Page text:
Writing a Business Plan. A business plan provides a reference for determining the degree of success of your business efforts. It should be periodically updated to reflect your current situation. It can be a helpful tool for developing a marketing plan, expanding your current business or obtaining capital for the future. Additionally, the SBDC offers business plan classes locally.
What legal form should my business adopt? Choosing the legal structure for your business depends on several factors including formation requirements, liability issues, tax and succession-related concerns. Common business entities are sole proprietorships, partnerships, C-corporations, S-corporations or Limited Liability Companies (LLC). It is best to consult with an accountant and/or attorney to choose the appropriate legal entity for your business.
What is the difference between an employee and an independent contractor? The major factors to consider in deciding whether a worker is an independent contractor or an employee fall into three main categories namely; behavioral control, financial control and relationship of the parties. Usually a worker is considered an employee only when the business has the right to direct and control the worker. Typically, if you have significant investment in your work you may be considered an independent contractor. If a worker receives health insurance or company paid retirement such arrangement would justify an employee/employer type relationship. Please refer to the IRS Form SS8 or contact the IRS directly when in doubt
How do I find a good attorney? To find a good attorney, it may be wise to talk witha several prior to making a selection in order to make sure that there is a good fit between the business owner and the attorney. Generally you want to get an attorney that is familiar with your industry. It is advisable to inquire up front about the rates for the services provided. The business owner may also wish to seek references from other business owners who have used the services of a given attorney.
What types of insurance should I carry for my business? You should determine the appropriate type of insurance your company needs based on the different risks inherent to your business. There are many types of insurance available: liability, property and worker's compensation. An insurance agent or broker can guide you to make choices that will effectively meet the specific needs of your business.
What is a copyright and how do I obtain one? Copyright is a form of protection provided by the laws of the United States (title 17, U.S. Code) to the authors of original works of authorship, including literary, dramatic, musical, artistic and certain other intellectual works. This protection is available to both published and unpublished works. Copyright is secured automatically when the work is created A work is "created" when it is fixed in a copy or phonorecord for the first time.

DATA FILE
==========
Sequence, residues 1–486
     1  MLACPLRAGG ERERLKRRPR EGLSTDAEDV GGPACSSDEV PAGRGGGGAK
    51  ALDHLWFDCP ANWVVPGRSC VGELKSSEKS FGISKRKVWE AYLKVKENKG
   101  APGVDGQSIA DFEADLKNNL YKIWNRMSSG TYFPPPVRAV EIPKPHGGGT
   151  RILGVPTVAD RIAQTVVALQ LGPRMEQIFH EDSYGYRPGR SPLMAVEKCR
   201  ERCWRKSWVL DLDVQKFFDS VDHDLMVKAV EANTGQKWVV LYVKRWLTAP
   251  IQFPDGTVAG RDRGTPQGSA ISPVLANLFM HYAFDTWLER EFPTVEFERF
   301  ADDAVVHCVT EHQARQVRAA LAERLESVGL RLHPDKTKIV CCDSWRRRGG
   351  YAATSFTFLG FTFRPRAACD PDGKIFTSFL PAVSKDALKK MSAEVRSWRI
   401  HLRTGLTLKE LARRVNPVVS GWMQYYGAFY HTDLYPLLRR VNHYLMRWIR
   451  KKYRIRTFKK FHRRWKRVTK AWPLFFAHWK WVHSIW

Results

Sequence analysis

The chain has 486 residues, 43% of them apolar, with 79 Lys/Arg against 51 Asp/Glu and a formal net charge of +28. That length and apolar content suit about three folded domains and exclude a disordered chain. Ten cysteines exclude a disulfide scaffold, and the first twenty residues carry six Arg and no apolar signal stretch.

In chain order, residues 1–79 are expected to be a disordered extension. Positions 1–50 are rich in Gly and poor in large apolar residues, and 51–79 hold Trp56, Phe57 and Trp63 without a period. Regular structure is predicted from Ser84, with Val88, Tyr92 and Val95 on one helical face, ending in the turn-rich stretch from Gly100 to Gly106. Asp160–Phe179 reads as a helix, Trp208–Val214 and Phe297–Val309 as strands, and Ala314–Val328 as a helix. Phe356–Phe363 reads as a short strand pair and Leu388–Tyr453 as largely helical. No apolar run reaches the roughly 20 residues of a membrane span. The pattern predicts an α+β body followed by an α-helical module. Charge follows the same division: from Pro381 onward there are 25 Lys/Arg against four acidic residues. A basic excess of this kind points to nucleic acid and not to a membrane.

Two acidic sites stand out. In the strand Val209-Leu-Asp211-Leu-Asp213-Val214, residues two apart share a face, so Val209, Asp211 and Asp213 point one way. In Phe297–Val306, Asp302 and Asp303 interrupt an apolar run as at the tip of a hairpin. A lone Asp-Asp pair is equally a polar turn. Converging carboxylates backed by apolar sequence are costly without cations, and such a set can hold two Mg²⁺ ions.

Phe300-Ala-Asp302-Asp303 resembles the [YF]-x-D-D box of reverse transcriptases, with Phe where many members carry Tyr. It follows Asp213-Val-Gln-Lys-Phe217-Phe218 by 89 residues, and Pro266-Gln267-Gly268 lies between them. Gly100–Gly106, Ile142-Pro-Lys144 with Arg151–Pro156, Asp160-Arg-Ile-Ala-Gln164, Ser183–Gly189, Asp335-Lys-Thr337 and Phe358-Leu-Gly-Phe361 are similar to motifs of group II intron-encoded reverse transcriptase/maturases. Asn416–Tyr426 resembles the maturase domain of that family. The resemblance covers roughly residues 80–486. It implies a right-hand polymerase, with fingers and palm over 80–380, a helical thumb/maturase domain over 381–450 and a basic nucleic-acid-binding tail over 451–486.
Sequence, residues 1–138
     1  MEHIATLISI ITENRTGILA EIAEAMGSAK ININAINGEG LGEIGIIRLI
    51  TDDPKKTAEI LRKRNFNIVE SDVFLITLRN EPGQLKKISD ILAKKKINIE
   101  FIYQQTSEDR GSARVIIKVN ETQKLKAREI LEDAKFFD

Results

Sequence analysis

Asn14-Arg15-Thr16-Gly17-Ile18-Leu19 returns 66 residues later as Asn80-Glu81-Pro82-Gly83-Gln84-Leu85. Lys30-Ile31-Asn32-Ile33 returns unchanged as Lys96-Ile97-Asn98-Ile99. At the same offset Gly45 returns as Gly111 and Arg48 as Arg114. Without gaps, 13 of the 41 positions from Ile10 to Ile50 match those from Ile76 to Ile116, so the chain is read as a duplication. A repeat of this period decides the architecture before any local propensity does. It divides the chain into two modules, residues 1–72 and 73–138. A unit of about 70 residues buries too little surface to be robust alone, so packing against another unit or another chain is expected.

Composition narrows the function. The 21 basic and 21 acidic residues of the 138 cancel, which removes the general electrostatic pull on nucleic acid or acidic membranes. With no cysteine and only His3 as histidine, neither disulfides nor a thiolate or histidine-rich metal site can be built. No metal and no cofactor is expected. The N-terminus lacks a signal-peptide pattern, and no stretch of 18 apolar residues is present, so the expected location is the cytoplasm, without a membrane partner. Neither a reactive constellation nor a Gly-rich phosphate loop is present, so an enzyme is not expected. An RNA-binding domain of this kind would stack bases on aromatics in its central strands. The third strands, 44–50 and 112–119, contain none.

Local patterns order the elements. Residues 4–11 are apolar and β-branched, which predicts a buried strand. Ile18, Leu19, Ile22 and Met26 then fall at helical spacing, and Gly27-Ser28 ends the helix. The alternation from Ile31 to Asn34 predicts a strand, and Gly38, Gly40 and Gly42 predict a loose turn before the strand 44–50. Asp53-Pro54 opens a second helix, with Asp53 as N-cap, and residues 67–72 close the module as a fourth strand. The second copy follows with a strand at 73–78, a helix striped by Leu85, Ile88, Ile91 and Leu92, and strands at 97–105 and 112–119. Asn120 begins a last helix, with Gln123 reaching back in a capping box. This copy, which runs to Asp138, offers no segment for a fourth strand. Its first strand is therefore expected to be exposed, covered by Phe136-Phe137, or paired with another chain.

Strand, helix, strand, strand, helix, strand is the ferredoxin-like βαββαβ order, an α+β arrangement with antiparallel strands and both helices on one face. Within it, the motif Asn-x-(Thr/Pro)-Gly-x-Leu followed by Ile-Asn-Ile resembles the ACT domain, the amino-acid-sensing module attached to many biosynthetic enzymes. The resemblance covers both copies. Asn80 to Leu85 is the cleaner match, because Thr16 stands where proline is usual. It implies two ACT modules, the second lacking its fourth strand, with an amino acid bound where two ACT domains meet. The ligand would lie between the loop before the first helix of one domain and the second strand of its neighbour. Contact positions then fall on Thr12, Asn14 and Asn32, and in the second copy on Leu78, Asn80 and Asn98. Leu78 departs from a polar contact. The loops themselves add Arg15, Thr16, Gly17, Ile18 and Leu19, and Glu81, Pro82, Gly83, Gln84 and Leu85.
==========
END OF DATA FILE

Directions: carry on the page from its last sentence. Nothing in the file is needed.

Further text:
What is a patent and how do I obtain one? A patent is a property right granted by the US Government to an inventor "to exclude others from making, using or selling the invention in America or importing it for a limited time set when the patent is granted. To get a patent, an application must be filed in the US Patent and Trademark Office.
What are trademarks and servicemarks? Trademarks (e.g. Coca-Cola) and Servicemark (e.g. UPS) prevent others from using the same name. Trademarks/servicemarks cannot be used to prevent others from making or selling the same goods or services under a clearly different mark. A trademark, issued by the US Patent and Trademark Office, lasts for 10 years and can be renewed.
Can the SBDC review my legal paperwork (e.g. leases, contracts, etc.)? SBDC consultants do not provide legal advice. We encourage you to establish a relationship with an attorney that specializes in business issues who can review your legal documents. The Central Minnesota Small Business Development Center has created a unique partnership with LegalCORPS in order to bring pro bono legal services to its clientele. Individuals may sign up for a one-time thirty minutes consultation with a business attorney at no cost. Continued legal services may be provided by a LegalCORPS attorney if the client meets the income requirements for ongoing representation.
Funded in part through a Cooperative Agreement with the U.S. Small Business Administration, Minnesota Department of Employment and Economic Development and regional support partners. All opinions, conclusions or recommendations expressed are those of the author(s) and do not necessarily reflect the program sponsors. Programs are open to the public on a nondiscriminatory basis. Reasonable accommodations for persons with disabilities will be made if requested at least two weeks in advance. Contact LaRae Ross, Central Region SBDC Program Coordinator, at 320-308-4842.